Reduction in Restricted and Repetitive Behaviors Following Pivotal Response Treatment

Poster Presentation
Friday, May 11, 2018: 11:30 AM-1:30 PM
Hall Grote Zaal (de Doelen ICC Rotterdam)
A. Pomales1, D. G. Sukhodolsky2, E. A. DeLucia1, C. C. Kautz1, R. L. Gruen1, L. L. Booth1 and P. E. Ventola2, (1)Yale Child Study Center, Yale School of Medicine, New Haven, CT, (2)Yale Child Study Center, Yale University School of Medicine, New Haven, CT
Background: Restricted and Repetitive Behaviors (RRBs), one of the central symptoms of autism spectrum disorder (ASD), consist of diverse factors – such as repetitive sensory motor behaviors and insistence on sameness – that interfere with social interactions. Previous research on interventions for RRBs indicates resistance to pharmacological treatments and behavioral interventions (Harrop et al., 2015). Additionally, pharmacological interventions have notable side effects.

Pivotal Response Treatment (PRT) is a naturalistic behavioral treatment targeting social communication and social motivation. Preliminary work demonstrates PRT effectively reduces RRBs (Ventola et al., 2016).

Objectives: The present study evaluated changes in severity of RRBs in children with ASD following a 16-week trial of PRT.

Methods: The sample consisted of 45 children with ASD, 4-7 years-old. Thirty-five children received 16-weeks of PRT, consisting of 7 hours of weekly individual treatment and parental training. The sample was combined from an open-label trial of PRT and a RCT of PRT. Ten children were in a non-treatment control condition. RRBs measures were collected at baseline and endpoint using Repetitive Behavior Scales-Revised (RBS), Aberrant Behavior Checklist (ABC), and Social Responsiveness Scale (SRS). To evaluate changes in RRBs severity, paired-samples t-tests were conducted to compare baseline and endpoint scores on each measure.

Results: Independent samples t-test indicated no significant differences between the PRT and control group at baseline (RBS total: t(35)=-1.545, p=.131; ABC stereotypy: t(27)=.775, p=.444; SRS RRB: t(39)=-1.584, p=.121). Additionally, there were no significant IQ differences at baseline (Differential Abilities Scale, General Conceptual Abilities: t(42)=-.186, p=.854.)

Paired-samples t-tests revealed a significant overall reduction in RRBs severity following 16 weeks of PRT (RBS total: pre-PRT M=28.71, SD=19.637; post-PRT M=20.11, SD=12.029, t(27)=3.808, p<.001). This reduction is consistent across RBS subdomains: stereotyped (p=.002), self injurious (p=.014), compulsive (p=.020), ritualistic (p=.021), sameness (p=.005), and restricted (p=.009). Additionally, there was a significant decrease in SRS RRB-subdomain pre-PRT (M=14.80, SD=6.202) and post-PRT (M=12.57, SD=7.496; t(34)=2.557, p=.015), as well as in ABC stereotypy scores pre-PRT (M=11.97, SD=10.61) and post-PRT (M=8.58, SD=7.97; t(30)=2.814, p=.009).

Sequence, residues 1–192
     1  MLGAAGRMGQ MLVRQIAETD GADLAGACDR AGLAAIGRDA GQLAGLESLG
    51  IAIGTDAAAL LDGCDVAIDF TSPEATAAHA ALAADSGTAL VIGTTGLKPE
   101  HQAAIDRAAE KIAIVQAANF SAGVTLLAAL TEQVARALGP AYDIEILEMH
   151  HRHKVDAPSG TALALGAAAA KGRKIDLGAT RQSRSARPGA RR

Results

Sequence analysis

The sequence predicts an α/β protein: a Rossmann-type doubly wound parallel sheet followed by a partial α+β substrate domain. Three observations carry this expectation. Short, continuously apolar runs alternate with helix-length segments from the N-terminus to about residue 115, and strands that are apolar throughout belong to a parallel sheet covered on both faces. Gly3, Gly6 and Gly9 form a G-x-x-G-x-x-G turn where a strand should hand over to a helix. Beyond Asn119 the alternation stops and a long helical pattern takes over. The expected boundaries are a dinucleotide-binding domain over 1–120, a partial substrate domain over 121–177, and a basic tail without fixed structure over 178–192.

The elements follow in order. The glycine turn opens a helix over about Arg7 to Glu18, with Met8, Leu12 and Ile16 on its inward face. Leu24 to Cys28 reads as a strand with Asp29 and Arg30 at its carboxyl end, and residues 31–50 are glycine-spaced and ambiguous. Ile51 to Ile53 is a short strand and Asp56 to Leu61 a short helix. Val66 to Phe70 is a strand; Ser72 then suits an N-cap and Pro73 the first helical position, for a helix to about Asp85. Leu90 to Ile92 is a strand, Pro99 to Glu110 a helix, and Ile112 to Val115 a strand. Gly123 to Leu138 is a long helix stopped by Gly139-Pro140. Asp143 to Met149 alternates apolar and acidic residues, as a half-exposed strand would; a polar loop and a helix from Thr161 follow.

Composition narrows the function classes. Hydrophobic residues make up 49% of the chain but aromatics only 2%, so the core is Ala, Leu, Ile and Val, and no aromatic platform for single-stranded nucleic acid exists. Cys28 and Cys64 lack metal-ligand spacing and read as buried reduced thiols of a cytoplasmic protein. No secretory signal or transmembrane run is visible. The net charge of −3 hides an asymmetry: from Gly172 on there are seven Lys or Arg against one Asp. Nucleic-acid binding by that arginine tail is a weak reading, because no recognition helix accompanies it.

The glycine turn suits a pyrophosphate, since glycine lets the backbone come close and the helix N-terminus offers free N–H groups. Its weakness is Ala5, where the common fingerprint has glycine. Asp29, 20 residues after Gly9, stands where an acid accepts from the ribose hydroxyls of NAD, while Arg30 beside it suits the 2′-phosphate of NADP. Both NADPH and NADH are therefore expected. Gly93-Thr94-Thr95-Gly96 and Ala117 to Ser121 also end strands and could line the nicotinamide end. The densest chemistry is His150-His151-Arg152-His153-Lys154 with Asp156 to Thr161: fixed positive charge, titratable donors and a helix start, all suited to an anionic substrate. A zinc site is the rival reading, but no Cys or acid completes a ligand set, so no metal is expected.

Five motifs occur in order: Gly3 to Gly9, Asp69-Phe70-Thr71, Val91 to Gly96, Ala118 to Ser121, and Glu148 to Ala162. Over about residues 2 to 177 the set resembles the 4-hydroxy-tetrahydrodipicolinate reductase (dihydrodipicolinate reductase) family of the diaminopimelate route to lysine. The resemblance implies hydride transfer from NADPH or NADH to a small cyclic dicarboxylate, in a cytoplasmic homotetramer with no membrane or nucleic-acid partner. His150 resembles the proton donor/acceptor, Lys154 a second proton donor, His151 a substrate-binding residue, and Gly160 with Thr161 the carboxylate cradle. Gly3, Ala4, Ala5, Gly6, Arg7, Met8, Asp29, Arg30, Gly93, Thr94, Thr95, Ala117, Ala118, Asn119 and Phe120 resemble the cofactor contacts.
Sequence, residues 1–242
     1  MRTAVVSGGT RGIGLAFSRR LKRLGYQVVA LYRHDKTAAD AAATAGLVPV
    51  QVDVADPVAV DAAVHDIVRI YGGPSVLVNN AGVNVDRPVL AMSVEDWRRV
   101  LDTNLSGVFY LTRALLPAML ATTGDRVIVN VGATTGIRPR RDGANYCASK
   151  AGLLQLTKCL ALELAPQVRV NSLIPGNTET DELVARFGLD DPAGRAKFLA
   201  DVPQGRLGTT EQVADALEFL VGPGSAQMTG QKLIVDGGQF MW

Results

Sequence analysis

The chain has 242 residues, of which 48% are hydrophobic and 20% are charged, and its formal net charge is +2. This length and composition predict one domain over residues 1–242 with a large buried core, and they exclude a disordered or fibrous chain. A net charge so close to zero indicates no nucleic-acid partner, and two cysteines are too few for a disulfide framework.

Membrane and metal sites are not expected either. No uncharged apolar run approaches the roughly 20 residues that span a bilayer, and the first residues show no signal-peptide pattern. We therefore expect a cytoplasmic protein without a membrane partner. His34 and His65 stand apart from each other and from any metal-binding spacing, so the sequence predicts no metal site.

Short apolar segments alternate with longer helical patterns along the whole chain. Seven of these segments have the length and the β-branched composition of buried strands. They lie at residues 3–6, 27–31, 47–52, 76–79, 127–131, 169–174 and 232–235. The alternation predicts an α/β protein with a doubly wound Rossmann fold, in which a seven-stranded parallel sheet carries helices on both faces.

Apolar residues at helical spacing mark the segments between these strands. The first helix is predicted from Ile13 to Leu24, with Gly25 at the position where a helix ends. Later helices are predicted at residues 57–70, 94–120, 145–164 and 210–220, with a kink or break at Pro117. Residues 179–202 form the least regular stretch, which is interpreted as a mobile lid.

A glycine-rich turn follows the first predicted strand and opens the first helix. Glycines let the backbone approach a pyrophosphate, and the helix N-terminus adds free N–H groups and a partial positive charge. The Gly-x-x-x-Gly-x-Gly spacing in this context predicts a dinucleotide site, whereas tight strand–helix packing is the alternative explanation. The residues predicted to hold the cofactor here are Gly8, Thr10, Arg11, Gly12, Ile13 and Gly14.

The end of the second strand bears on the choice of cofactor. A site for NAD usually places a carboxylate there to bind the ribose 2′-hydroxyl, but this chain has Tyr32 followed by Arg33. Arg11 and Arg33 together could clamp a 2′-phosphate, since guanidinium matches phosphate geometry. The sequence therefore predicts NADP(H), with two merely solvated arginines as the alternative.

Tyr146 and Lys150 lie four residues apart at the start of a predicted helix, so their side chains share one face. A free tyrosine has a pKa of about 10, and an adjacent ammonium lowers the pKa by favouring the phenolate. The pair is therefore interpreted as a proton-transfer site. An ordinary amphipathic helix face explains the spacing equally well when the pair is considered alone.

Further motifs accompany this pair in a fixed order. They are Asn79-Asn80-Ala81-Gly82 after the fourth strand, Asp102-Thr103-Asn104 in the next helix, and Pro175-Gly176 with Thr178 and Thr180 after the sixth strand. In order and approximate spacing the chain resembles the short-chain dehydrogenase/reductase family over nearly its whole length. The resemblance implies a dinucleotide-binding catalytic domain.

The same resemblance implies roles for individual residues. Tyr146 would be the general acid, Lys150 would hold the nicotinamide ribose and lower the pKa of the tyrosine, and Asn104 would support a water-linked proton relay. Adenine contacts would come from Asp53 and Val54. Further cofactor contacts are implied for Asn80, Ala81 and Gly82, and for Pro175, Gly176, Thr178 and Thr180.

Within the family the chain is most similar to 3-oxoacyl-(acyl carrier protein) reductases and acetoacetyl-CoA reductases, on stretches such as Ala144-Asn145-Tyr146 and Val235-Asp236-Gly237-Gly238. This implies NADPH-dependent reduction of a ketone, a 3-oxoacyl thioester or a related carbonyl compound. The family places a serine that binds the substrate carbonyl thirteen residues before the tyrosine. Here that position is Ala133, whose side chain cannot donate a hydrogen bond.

Children in the control group did not exhibit significant reduction in RRBs severity during the 16-week period (RBS total: baseline M=41.22, SD=25.528; endpoint M=30.78, SD=15.189, t(8)=1.584, p=.152). RBS subdomain scores did not change significantly: stereotyped (p=.059), self injurious (p=.128), compulsive (p=.300), ritualistic (p=.272), sameness (p=.684), and restricted (p=.081). Similarly, there were no significant differences in ABC stereotypy at baseline (M=7.75, SD=5.377) and endpoint scores (M=4.75, SD=4.573; t(3)=1.009, p=.387), and SRS RRB at baseline (M=19, SD=4.382) and endpoint scores (M=18.17, SD=7.33; t(5)= .362, p=.732).

Conclusions: While PRT focuses on improving social communication skills, it has a secondary effect on RRBs severity. Results suggest a significant reduction in severity across a variety of RRBs following a 16-week PRT trial. This could possibly result from incorporating parent training and using circumscribed interests to motivate, and consequentially, increase reciprocal interactions. Future studies may examine follow-up data to assess the longevity of the effects of PRT on RRBs, as well as use diverse measures to evaluate RRB severity. Additionally, a larger sample is needed to measure generalization of this effect.